Damien Hirst: Back to Basics

Damien Hirst: Back to Basics

British conceptual artist, Damien Hirst is known for his controversial take on the relation between art, life, and death. Hirst’s work regularly investigates and disputes contemporary belief systems, and analyzes the anxieties and ambigutiy of humanness. More recently, Hirst focused on the formal qualities of art and was inspired by his older series Spot Paintings that began in 1986, as well as being greatly influenced by the Pointillist and post-Impressionist painting techniques.  Hirst created his series’  “The Veil Paintings”(2018) and “The Colour Space”(2018) which responded to his previous works and examined color, the relationship between colors and its effect on the eye. 

H4-1 Sans Souci by Damien Hirst

H4-1 Sans Souci by Damien Hirst

“A veil is a barrier, a curtain between two things, something that you can look at and pass through. It’s solid yet invisible and reveals and yet obscures the truth, the thing that we are searching for”. Damien Hirst. 

H4-4 Cannizaro by Damien Hirst

H4-4 Cannizaro by Damien Hirst

 

“The Veil Paintings” series comprises of 24 brightly colored, abstract artworks. Hirst clarified that for him the Veil Paintingsare about now, about something energetic forming, like planets or ideas, they are about growth.”. The unusual accessibility and gentleness of these works set them apart from a lot of Hirst’s other work. For example, in these works, there are no glass walls, no medical connotations, and no dead animals. There is a canvas, with paint and conceptual spots of colors. Hirst establishes that he wants these works“to feel like you’re looking through a sheer curtain at something patterned in a colorful, complicated garden beyond, and both the curtain and the garden are moving and work with each other and against each other.” These paintings are definitely a lot to take in, but once engrossed, the viewer can admire their chaotic power and can draw similarities to Manet’s Impressionism and Seurat’s pointillism as well as to Hirst’s older “Spot Painting” works. 

 

H5-1 Gritti By Damien Hirst

H5-1 Gritti By Damien Hirst

“The Colour Space” series is a new body of work influenced and inspired by his original  “The Spot Paintings” which first made Hirst famous in the 1980s.   Back then, he reveals, the spots were to be uniform, orderly, cold and mechanical as he wanted “to make them look like they were made by machine, not a person.“. After approximately 30 years of paintings spots impeccably, Hirst became somewhat detached from the work.  As Hirst recalls, “My first ever Spot Painting was loose and painted with drippy paint and not minimal at all. In that painting, I was wrestling with what I originally thought of as the coldness of Minimalism and the more emotional Abstract Expressionist painting style I’d grown up with…I’ve felt really drawn to that first painting and knew I’d revisit it eventually.” The dots are not perfect in the Colour Space series, rather, they are dynamic and spontaneous, associating to his first Spot Painting.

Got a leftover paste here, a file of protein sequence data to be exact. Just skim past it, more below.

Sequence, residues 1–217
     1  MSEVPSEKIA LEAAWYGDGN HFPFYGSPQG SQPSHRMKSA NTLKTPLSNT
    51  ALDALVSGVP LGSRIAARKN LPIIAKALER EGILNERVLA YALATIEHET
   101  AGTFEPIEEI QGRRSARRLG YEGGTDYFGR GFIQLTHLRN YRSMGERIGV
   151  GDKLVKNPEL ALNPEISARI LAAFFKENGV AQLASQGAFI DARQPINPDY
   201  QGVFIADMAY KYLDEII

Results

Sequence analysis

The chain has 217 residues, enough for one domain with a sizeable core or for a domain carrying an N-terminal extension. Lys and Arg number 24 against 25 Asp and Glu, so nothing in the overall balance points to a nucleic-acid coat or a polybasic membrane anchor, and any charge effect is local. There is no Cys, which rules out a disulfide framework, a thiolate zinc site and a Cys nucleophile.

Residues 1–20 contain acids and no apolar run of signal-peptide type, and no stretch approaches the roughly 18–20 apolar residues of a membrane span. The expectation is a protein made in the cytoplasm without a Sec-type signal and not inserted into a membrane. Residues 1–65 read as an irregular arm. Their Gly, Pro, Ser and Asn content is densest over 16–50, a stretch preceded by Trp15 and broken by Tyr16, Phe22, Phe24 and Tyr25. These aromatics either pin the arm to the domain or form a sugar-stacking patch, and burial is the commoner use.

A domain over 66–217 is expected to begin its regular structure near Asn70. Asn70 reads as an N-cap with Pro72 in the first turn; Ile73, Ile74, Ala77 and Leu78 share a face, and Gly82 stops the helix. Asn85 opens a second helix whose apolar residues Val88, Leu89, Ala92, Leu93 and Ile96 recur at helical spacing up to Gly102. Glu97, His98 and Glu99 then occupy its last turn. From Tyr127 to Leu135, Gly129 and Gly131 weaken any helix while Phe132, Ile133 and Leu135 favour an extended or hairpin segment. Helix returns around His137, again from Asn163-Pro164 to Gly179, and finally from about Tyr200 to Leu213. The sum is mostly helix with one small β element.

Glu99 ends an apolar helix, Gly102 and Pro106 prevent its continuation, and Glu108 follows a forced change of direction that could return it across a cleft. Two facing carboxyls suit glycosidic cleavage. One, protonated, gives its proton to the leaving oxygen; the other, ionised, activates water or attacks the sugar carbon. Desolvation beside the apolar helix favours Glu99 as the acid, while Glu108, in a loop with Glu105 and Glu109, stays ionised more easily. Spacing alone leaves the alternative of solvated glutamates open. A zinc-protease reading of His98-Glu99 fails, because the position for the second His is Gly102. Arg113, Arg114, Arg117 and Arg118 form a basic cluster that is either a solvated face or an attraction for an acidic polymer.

H5-4 Claridges by Damien Hirst copy

H5-4 Claridges by Damien Hirst copy

“The Spot Painting” series was initially created as an ongoing and endless series, whereas “The Colour Space” paintings are a finite body of work. To the viewer, these paintings appear looser, more flexible and relaxed.Furthermore,  Hirst also took inspiration from his“Visual Candy” series of the early 90s to create the  “The Veil Paintings” , whereas “The Colour Space” paintings reveal the interaction and relationship between the orderly and the painterly, the rational and the expressive. Each artwork in Colour Space series varies in size and interestingly, there are no two exact colors that repeat themselves in each painting. The work feels honest, raw and authentic. The dots overlap and the paint splatters illustrating the impulsivity of this work. There is uniqueness in each and every one of the paintings.

H5-7 Café Royal by Damien Hirst

H5-7 Café Royal by Damien Hirst

Colour Space is going back to the human element, so instead you have the fallibility of the human hand in the drips and inconsistencies. There are still no two exact colors that repeat in each painting, which is really important to me. I think of them as cells under a microscope.”Damien Hirst